Running a business is complex, with many moving parts that are unique to your specific situation. With that said, one thing holds true for almost any company; It’s nearly impossible to be successful without a sound accounting process. Today that may mean adopting cloud-based accounting software, for your business.
For many small businesses, evaluating their current accounting process frequently falls to the backburner. If you have an outdated —but functional — accounting process, it’s tempting to write it off as “good enough”. However, sticking with the status quo of basic accounting systems can be a real mistep.
With the right accounting systems in place, companies can better manage expenses and revenue. More than this, proper accounting systems let you quickly and easily collect, track, and interpret key business metrics. Unlocking this data will help you understand what’s driving your business (or holding it back). From there you can make business decisions driven by data.
Modern cloud-based accounting software also unlocks the ability to work with inventory accounting software like inFlow. With inFlow you can manage your inventory, stock levels, and fulfillment, creating a comprehensive inventory accounting system.
In the following post, we’ll explore how choosing the right accounting software can impact business success. We’ll begin by touching on how accounting methods have progressed over the centuries, and how these advancements have impacted the business world. Bringing us to the present, we’ll explore the advantages of cloud-based accounting solutions like QuickBooks Online and Xero — and how using them alongside modern inventory management systems like inFlow can help your business thrive.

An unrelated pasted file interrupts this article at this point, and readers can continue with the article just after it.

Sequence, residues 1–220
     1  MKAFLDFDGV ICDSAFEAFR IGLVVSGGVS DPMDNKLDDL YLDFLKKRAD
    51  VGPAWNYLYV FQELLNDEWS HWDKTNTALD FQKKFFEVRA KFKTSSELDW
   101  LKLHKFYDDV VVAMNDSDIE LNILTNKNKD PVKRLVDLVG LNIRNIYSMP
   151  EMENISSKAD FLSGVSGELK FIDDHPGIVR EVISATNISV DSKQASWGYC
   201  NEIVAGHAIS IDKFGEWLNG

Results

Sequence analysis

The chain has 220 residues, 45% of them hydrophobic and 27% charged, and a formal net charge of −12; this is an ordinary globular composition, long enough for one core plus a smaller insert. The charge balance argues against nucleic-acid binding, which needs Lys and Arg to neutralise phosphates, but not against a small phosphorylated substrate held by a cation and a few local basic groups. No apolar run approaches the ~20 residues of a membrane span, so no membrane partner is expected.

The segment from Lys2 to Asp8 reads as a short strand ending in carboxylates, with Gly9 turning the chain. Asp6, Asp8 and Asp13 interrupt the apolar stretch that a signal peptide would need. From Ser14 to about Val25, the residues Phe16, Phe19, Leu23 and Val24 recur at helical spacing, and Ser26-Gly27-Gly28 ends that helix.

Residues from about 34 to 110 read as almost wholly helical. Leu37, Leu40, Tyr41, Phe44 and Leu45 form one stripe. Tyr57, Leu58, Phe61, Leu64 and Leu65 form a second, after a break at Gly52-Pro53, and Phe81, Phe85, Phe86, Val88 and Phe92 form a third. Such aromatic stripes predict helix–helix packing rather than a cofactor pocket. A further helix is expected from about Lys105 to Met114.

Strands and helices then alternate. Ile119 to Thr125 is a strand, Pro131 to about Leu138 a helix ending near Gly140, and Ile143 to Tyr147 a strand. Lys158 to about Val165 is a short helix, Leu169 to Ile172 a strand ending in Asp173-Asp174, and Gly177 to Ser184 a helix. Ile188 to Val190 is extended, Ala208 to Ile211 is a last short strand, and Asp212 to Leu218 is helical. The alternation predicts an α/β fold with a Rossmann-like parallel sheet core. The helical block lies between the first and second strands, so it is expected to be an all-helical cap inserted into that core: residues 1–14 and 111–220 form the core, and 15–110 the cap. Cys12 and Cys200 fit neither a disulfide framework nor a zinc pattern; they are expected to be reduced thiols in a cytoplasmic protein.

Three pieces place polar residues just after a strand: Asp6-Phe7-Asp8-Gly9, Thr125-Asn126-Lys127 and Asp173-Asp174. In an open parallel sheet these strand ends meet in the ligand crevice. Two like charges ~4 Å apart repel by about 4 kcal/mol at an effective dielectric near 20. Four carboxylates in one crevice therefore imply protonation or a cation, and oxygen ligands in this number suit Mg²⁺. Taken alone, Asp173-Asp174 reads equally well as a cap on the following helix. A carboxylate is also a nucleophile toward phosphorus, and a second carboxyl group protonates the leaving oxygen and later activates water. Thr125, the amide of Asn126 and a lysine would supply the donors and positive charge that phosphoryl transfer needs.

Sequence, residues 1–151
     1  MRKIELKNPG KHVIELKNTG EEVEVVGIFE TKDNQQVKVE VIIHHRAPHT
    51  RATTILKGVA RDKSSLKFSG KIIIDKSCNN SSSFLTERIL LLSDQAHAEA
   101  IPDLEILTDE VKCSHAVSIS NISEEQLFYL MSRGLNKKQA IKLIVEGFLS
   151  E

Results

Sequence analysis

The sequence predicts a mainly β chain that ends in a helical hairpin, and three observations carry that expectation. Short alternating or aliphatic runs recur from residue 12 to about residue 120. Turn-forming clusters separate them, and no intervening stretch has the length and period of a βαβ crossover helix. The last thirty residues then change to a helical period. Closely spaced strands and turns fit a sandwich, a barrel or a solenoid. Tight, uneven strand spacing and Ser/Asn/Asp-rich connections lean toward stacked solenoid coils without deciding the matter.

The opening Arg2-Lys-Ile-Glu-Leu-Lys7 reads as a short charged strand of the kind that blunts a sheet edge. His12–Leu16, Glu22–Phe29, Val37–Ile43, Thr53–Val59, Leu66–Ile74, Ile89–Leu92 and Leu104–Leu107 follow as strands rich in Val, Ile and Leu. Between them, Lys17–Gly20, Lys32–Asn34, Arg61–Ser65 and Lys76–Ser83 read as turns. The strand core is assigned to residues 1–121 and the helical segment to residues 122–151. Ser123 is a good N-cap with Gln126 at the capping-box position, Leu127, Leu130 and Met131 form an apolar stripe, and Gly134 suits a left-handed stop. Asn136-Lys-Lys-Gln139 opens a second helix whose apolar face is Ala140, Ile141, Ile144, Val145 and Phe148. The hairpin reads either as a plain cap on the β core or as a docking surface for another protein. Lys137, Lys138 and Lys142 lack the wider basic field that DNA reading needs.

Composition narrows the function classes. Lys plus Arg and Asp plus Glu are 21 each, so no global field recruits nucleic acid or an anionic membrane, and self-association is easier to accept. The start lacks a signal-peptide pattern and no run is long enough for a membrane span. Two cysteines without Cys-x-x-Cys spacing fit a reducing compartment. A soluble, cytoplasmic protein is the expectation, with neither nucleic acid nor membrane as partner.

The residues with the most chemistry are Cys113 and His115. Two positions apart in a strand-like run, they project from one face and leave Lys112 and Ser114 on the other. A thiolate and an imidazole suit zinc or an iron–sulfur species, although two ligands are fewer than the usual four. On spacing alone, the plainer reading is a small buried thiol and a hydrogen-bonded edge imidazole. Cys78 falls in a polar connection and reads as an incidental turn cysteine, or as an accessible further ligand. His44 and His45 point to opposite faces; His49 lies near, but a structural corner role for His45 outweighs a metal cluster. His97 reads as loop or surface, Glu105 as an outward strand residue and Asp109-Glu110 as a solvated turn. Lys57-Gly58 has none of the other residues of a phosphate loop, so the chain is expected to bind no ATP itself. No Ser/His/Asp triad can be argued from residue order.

Before Cloud-Based Accounting: from the abacus to the digital age
The concept of “accounting” is ubiquitous today. But the tools, processes, and systems used to collect, record, and interpret accounting data has changed dramatically over the years. As technology developed the speed and accuracy of accounting improved in turn. Here are a few highlights:
- Counting on the abacus. In ancient civilizations like Babylon, one of the earliest tools developed to aid with accounting was the abacus. Used along with parchment and papyrus, the abacus was a integral device. Instead of relying on counting by hand, merchants were able to use this tool to track their transactions more easily.
- Bring on the bookkeepers. After the widespread adoption of the abacus, trade continued to grow, and with it the need for a more detailed system. This led to the emergence of early bookkeepers, which used a single-entry system to keep track of trades in ledgers. This system relied on recording all debits and credits in the same line. The trouble was this method was time-consuming and less than efficient.
- The development of double-entry bookkeeping. The next major advancement in the accounting process came in 1494, when the “father of accounting and bookeeping,” Italian monk Luca Pacioli, published the first work on double-entry bookkeeping. A double-entry system calls for transactions to be recorded more accurately as debits and credits. This method effectively laid the foundation for modern accounting.
- Adding it all up. Even with the advantage of better bookkeeping systems, accounting for inventory still required wholly manual work. That was until the 1890s, when William Seward Burroughs’ adding machine became commercially available.
- Entering the digital age. While very different from the computers that we use today, the first commercial scientific computer — IBM’s 701 Electronic Data Processing Machine — took accounting into the digital age in 1952.
The downside of old school accounting